Procedure Oriented Programming LanguageIn the procedure oriented approach, the problem is viewed as sequence of things to be done such asreading , calculation and printing.Procedure oriented programming basically consist of writing a list of instruction or actions for thecomputer to follow and organizing these instruction into groups known as functions.Main programFunction-1Function-2Function-3The disadvantage of the procedure oriented programming languages is:1. Global data access2. It does not model real word problem very well3. No data hidingGlobal dataGlobal dataFunction-1Function-2Function-3Local dataLocal dataLocal dataCharacteristics of procedure oriented programming: is on doing things(algorithm)Large programs are divided into smaller programs known as functions.Most of the functions share global dataData move openly around the system from function to functionFunction transforms data from one form to another.Employs top-down approach in program design6P.T.O

LECTURE-2Object Oriented Programing“Object oriented programming as an approach that provides a way of modularizing programs bycreating partitioned memory area for both data and functions that can be used as templates forcreating copies of such modules on demand”.Object AObject BDataDataCommunicationFunctionsFunctionsObject CFunctionsDataFeatures of the Object Oriented programming1. is on doing rather than procedure.programs are divided into what are known as objects.Data structures are designed such that they characterize the objects.Functions that operate on the data of an object are tied together in the datastructure.Data is hidden and can’t be accessed by external functions.Objects may communicate with each other through functions.New data and functions can be easily added.Follows bottom-up approach in program design.7P.T.O

LECTURE-3BASIC CONCEPTS OF OBJECTS ORIENTED PROGRAMMING1. abstraction and encapsulationInheritancePolymorphismDynamic bindingMessage passingOBJECTSObjects are the basic run-time entities in an object-oriented system. They may represent a person, aplace, a bank account, a table of data or any item that the program must handle.The fundamental idea behind object oriented approach is to combine both data and functioninto a single unit and these units are called objects.The term objects means a combination of data and program that represent some real wordentity. For example: consider an example named Amit; Amit is 25 years old and his salary is 2500.The Amit may be represented in a computer program as an object. The data part of the object wouldbe (name: Amit, age: 25, salary: 2500)The program part of the object may be collection of programs (retrive of data, change age,change of salary). In general even any user –defined type-such as employee may be used. In theAmit object the name, age and salary are called attributes of the object.Object: rageDisplaySTUDENTTotalAverageDisplayCLASS:A group of objects that share common properties for data part and some program part arecollectively called as class.In C a class is a new data type that contains member variables and member functions thatoperate on the variables.8P.T.O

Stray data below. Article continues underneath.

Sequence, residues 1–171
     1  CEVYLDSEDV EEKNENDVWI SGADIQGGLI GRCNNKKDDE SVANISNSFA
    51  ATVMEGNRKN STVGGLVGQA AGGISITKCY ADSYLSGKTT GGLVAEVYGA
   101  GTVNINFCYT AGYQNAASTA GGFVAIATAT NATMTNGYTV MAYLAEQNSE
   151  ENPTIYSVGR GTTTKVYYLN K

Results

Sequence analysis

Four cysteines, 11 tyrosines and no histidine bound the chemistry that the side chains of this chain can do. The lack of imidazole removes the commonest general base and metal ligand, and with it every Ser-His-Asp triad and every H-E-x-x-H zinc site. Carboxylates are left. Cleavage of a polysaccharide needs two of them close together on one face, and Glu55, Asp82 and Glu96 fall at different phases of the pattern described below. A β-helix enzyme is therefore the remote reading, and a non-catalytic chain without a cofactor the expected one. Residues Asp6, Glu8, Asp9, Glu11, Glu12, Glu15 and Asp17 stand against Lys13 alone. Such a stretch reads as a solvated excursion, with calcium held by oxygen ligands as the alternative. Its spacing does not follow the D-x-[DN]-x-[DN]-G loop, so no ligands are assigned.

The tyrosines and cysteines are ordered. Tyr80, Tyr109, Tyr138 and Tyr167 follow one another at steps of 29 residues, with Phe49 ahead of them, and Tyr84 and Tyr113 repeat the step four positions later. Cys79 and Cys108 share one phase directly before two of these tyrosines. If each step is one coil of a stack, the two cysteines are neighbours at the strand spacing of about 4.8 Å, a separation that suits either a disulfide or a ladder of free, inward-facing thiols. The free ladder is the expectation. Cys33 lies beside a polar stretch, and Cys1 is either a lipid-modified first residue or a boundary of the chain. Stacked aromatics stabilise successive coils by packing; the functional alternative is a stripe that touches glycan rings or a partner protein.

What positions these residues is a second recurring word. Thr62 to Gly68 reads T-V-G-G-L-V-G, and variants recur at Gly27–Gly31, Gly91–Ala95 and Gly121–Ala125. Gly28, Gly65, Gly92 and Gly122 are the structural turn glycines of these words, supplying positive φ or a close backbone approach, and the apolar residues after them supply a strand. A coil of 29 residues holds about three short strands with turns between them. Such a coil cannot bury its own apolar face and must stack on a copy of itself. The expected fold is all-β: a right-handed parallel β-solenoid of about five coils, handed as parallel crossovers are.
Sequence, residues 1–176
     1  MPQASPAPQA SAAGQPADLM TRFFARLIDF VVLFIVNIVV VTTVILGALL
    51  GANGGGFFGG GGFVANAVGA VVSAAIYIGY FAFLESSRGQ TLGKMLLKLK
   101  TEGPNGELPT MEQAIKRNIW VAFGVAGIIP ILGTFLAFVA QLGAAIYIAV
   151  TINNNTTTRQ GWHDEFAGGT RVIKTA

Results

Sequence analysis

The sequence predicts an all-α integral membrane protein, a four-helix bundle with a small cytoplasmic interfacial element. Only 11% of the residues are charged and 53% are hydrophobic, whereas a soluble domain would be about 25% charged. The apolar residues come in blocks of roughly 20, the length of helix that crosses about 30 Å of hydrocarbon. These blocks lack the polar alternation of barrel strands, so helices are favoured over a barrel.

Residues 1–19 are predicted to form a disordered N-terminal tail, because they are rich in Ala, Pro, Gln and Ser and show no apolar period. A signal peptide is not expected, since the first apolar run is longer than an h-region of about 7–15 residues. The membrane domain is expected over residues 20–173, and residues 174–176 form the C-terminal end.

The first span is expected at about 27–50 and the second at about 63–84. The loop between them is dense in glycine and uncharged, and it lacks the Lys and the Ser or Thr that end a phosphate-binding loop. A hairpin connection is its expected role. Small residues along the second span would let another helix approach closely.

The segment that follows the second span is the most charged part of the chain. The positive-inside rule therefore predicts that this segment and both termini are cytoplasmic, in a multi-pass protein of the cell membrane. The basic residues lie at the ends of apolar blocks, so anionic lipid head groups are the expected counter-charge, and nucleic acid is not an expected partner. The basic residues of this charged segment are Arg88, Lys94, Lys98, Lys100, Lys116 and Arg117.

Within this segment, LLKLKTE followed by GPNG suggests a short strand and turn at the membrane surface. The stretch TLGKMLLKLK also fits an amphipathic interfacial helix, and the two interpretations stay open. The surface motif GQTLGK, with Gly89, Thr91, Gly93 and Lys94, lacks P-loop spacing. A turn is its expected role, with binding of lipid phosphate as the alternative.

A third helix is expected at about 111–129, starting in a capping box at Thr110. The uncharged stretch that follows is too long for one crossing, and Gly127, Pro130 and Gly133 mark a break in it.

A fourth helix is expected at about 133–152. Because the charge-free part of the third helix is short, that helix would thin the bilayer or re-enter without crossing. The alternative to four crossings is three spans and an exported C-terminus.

DATA ABSTRACTION :Abstraction refers to the act of representing essential features without including the background details or explanations. Classes use the concept of abstraction and are defined as size, widthand cost and functions to operate on the attributes.DATA ENCAPSALATION :The wrapping up of data and function into a single unit (called class) is known asencapsulation. The data is not accessible to the outside world and only those functions which arewrapped in the class can access it. These functions provide the interface between the objects data andthe program.INHERITENCE :Inheritance is the process by which objects of one class acquire the properties of anotherclass. In the concept of inheritance provides the idea of reusablity. This mean that we can addadditional features to an existing class with out modifying it. This is possible by desining a new classwill have the combined features of both the classes.POLYMORPHISIM:Polymorphism means the ability to take more than one form. An operation may exhibit differentinstance. The behaviour depends upon the type of data used in the operation.A language feature that allows a function or operator to be given more than one definition. The typesof the arguments with which the function or operator is called determines which definition will beused.Overloading may be operator overloading or function overloading.It is able to express the operation of addition by a single operater say ‘ ’. When this is possible youuse the expression x y to denote the sum of x and y, for many different types of x and y; integers ,float and complex no. You can even define the operation for two strings to mean the concatenationof the strings.DYNAMIC BINDING :Binding refers to the linking of a procedure call to the code to the executed inresponse to the call. Dynamic binding means the code associated with a given procedure call is notknown untill the time of the call at run-time. It is associated with a polymorphic reference dependsupon the dynamic type of that reference.9P.T.O